DriveSpace Restartability in Windows 95 and MS Plus!

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Article ID: 136899 - View products that this article applies to.
This article was previously published under Q136899
This article has been archived. It is offered "as is" and will no longer be updated.
NOTE: If power is lost during an upgrade to DriveSpace 3, turn the computer back on when the power is restored and DriveSpace will automatically restart where it was interrupted.
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SUMMARY

This article discusses restartable DriveSpace compression operations in Windows 95 and Microsoft Plus! for Windows 95. Restartable operations are operations that can restart automatically if the operation is interrupted and the computer reboots.

MORE INFORMATION

DriveSpace Restartability

DriveSpace operations are restartable either because the computer may be rendered unusable if the operation is interrupted, or because the operation requires that the computer be restarted to finish. The following DriveSpace operations are restartable:
  • Compressing an existing drive
  • Uncompressing a DoubleSpace or DriveSpace drive
  • Creating a new, empty DriveSpace drive
  • Changing the size of a DoubleSpace or DriveSpace drive
  • Changing the estimated compression ratio (ECR) for a DoubleSpace or DriveSpace drive
  • Mounting a DoubleSpace or DriveSpace drive
  • Upgrading (converting) a DoubleSpace or DriveSpace drive to DriveSpace 3 format
Some of these operations may prevent Windows 95 from starting properly if the computer is rebooted before the operation is complete. For example, while compressing the directories that contain the Windows 95 system files, the Windows 95 files may be located on two different drives. If the computer restarts at this point, Windows 95 may be unable to start until the compression process is finished. Other operations, such as mounting a DriveSpace or DoubleSpace drive, may simply need to restart the computer to ensure that the DriveSpace driver is loaded and is configured with the appropriate settings. To ensure restartability, DriveSpace uses one of two methods, determined as follows:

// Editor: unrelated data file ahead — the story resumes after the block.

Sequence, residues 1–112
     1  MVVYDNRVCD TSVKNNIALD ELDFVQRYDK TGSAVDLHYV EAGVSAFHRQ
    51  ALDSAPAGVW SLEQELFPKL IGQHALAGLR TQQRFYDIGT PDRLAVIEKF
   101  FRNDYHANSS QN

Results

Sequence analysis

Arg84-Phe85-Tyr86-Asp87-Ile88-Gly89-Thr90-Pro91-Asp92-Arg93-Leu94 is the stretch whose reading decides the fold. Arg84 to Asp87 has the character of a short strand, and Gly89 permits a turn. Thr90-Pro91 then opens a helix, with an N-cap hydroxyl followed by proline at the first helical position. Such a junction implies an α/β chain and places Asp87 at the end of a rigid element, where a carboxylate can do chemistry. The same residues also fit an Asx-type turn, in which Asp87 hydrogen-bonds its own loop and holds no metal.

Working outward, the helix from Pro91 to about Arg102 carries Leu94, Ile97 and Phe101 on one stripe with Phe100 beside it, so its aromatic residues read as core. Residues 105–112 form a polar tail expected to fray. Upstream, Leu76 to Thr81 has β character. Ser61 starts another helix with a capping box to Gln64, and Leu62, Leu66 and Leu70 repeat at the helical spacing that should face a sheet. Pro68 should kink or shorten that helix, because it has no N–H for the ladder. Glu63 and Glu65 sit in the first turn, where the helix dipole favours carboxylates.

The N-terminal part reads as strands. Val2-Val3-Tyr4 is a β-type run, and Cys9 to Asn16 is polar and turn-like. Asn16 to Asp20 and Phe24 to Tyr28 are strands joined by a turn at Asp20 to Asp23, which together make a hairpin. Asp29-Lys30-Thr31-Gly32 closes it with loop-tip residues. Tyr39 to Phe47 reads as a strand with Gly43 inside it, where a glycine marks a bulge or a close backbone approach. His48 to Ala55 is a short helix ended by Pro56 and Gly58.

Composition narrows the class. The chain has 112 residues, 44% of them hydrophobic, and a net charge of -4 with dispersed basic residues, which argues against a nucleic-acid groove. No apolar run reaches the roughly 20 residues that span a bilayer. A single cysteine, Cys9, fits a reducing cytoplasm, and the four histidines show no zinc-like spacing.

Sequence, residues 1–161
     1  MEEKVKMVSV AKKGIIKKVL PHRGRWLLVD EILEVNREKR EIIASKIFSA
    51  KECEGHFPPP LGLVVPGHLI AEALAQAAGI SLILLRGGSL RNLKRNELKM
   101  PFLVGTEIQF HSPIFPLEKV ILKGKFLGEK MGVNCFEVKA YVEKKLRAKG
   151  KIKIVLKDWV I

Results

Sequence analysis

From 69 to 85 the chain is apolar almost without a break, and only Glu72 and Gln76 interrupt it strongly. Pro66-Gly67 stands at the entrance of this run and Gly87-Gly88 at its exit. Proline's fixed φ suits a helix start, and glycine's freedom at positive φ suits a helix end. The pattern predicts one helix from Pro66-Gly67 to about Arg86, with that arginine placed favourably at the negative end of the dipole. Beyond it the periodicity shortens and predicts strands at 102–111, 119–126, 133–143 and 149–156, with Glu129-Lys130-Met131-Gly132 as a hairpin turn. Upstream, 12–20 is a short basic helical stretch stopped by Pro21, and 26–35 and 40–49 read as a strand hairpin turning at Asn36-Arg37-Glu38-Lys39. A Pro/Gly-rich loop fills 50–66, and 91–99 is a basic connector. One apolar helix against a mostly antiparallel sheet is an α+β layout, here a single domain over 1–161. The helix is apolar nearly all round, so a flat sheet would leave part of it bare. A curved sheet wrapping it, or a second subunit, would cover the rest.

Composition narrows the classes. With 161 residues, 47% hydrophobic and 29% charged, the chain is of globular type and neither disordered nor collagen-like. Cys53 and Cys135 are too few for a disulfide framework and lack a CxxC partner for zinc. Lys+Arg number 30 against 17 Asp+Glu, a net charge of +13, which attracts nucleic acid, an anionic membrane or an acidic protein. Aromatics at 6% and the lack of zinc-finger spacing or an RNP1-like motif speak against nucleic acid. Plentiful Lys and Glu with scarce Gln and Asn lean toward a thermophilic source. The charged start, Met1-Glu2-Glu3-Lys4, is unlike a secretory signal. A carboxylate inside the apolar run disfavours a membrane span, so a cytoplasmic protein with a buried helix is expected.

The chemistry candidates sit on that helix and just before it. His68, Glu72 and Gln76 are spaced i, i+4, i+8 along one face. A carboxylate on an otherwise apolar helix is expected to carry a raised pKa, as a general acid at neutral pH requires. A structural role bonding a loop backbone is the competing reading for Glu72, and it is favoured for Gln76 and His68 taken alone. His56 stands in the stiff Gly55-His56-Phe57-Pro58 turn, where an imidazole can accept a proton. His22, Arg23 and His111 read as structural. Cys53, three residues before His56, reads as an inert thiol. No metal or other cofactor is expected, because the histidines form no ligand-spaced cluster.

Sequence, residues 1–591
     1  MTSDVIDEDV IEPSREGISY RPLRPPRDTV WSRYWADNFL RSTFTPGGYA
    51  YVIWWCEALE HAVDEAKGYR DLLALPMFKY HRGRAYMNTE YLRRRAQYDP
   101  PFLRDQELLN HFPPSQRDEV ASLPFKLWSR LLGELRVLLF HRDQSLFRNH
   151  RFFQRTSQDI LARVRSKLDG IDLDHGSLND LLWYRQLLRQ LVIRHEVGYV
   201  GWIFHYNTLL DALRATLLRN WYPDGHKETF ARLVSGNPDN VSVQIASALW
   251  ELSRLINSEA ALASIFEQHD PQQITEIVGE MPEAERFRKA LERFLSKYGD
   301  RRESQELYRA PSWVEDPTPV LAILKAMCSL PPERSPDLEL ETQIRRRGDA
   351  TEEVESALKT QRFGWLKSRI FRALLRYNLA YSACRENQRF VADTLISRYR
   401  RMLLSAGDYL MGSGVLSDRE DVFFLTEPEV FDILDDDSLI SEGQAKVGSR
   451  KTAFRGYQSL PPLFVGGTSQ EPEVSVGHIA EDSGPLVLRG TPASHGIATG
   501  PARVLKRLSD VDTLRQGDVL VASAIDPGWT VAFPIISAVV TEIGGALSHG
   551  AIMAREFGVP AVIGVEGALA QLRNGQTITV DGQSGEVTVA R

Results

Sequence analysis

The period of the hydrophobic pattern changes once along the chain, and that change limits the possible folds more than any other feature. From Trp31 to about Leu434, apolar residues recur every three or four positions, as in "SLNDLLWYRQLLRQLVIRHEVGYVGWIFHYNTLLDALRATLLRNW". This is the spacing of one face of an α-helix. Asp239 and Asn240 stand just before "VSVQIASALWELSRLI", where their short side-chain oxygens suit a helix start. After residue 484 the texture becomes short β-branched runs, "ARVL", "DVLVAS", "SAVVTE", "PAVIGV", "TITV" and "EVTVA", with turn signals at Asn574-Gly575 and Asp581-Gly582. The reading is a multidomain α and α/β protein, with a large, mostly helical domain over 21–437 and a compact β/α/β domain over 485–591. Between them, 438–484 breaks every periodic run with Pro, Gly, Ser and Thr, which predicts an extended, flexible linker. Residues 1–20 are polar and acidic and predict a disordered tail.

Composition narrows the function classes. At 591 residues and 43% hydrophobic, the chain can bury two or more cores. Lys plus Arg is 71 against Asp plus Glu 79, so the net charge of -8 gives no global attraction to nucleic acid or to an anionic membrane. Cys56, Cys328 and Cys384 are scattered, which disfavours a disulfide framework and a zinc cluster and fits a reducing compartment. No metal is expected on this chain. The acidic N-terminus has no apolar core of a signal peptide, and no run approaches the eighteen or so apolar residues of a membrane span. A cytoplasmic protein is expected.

• If a new, empty DriveSpace drive is being created, DriveSpace uses the quick restartability method.
  • If the operation being performed involves a drive for which an exclusive-access file system lock cannot be obtained, DriveSpace uses the full restartability method.

    NOTE: DriveSpace is unable to obtain an exclusive lock on any drive containing open files. The drive that contains the Windows folder, the drive that contains the Windows swap file, and a drive from which a program is currently running all typically contain open files.
  • If none of the above conditions apply, DriveSpace uses quick restartability.
Essentially, quick restartability is used if DriveSpace is sure that the operation being performed does not endanger the Windows 95 files, and that at no point during the operation would Windows 95 be unable to load. In this case, DriveSpace creates a Restart.drv file to indicate which operation is being performed, and places the following command in the RunOnce key in the registry:
   DRVSPACE /RESTART /INTERACTIVE
				
Placing this command in the registry causes DriveSpace to be restarted automatically if the computer reboots. When the operation is complete, this registry entry and the Restart.drv file are removed.

Full restartability is used when the operation being performed may temporarily prevent Windows 95 from starting. This method uses mini- Windows, which is a Windows 3.1 subset that is also used by the Windows 95 Setup program. By placing a copy of the mini-Windows files on the physical boot drive before beginning the operation, DriveSpace ensures that a GUI operating environment will be available in the event of a reboot. DriveSpace performs the following steps to prepare for full restartability: